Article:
One in seven students use ‘smart’ drugs: study

One in seven students use 'smart' drugs: study
Photo: Wikimedia Commons
One in seven Swiss university students has resorted to prescription medication or drugs in a bid to enhance their academic performance, according to the results of a study released on Thursday.

A survey of 6,725 students at the universities of Zurich and Basel and at ETH Zurich found that 13.8 percent admitted to trying to improve their “cognitive performance” through drugs such as Ritalin, sedatives, amphetamines, alcohol or cannabis.

The respondents primarily took these substances during exam time, according to a news release from the University of Zurich.

Researchers from the university worked with colleagues from the University of Basel to examine the use of “psychostimulants” by Swiss students.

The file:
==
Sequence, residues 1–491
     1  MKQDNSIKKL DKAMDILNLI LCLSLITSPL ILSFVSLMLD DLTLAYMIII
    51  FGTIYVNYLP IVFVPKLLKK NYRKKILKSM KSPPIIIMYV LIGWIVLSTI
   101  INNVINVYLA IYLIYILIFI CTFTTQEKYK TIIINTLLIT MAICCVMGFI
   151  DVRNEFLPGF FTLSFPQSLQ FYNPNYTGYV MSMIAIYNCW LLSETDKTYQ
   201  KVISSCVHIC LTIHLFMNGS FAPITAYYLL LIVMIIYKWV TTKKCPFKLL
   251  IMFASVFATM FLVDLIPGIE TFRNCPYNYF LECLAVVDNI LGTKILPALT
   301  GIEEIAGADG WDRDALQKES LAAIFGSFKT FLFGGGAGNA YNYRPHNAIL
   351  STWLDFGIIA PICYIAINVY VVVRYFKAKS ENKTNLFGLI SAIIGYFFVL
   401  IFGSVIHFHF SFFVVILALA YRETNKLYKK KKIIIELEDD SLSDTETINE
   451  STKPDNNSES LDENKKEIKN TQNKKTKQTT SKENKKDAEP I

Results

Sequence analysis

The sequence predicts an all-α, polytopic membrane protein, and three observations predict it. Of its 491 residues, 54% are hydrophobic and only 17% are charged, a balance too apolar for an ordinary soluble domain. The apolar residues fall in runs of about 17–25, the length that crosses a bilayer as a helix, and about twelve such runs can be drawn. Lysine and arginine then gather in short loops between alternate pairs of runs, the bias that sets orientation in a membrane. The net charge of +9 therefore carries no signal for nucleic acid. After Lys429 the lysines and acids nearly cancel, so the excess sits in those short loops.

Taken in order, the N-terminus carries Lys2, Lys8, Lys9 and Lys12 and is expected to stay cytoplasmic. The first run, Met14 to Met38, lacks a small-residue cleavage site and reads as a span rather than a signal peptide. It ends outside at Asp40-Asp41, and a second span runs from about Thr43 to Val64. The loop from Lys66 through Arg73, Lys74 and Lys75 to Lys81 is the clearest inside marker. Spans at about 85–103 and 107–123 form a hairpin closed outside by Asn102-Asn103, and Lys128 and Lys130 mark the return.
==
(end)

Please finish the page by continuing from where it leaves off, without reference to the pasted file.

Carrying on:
They found that 94 percent of respondents were aware of so-called “smart drugs” or “neuroenhancement” but far fewer actually used the drugs.

The proportion of students using such drugs on a daily basis was small (1.8 percent).

But a majority said they consumed “soft enhancers” such as caffeinated products, non-prescription vitamins or herbal sedatives before their last big exam.

A third of respondents said they used such products every day.

The findings are in line with studies conducted on students in European universities.

“As a rule, advanced students who also had a job alongside their degrees and reported higher stress levels consumed performance-enhancing substances more frequently,” the news release said.

Researchers found differences depending on what students were studying with the highest drug use found in architecture (19.6 percent), journalism (18.2 percent), chemistry (17.6 percent), economics (17.1 percent), medicine (16.2 percent) and pharmaceutics (16.1 percent).

Use was much lower in such fields of study as mathematics (8.6 percent) or sports (seven percent).

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